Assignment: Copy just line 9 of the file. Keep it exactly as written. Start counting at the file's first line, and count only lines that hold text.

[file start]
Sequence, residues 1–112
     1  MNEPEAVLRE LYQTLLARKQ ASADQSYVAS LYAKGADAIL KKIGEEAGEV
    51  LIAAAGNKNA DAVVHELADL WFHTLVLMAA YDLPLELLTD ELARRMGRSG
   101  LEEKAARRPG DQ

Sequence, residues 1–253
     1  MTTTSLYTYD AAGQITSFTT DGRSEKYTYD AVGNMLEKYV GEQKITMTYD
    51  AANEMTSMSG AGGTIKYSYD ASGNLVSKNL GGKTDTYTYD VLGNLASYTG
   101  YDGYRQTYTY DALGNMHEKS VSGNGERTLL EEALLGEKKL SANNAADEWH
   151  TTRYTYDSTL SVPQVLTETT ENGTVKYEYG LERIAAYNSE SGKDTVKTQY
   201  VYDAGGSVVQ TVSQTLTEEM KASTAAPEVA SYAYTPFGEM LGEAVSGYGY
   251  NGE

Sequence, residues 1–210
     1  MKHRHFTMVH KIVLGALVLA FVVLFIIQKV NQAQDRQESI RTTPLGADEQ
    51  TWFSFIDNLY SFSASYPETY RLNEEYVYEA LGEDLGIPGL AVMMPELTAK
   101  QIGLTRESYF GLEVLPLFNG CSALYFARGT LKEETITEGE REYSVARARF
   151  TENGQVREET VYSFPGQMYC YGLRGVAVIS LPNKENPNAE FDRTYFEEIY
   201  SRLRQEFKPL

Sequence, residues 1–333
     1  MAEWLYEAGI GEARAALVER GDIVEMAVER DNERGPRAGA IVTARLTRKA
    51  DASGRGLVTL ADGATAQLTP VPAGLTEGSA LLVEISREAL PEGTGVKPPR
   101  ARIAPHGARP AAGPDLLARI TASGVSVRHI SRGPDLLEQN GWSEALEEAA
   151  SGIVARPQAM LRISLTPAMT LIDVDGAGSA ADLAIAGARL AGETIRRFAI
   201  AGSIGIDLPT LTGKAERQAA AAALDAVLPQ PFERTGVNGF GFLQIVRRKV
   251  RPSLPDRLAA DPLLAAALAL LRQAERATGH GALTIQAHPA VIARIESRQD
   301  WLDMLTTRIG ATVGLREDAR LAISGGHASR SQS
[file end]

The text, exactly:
   151  TTRYTYDSTL SVPQVLTETT ENGTVKYEYG LERIAAYNSE SGKDTVKTQY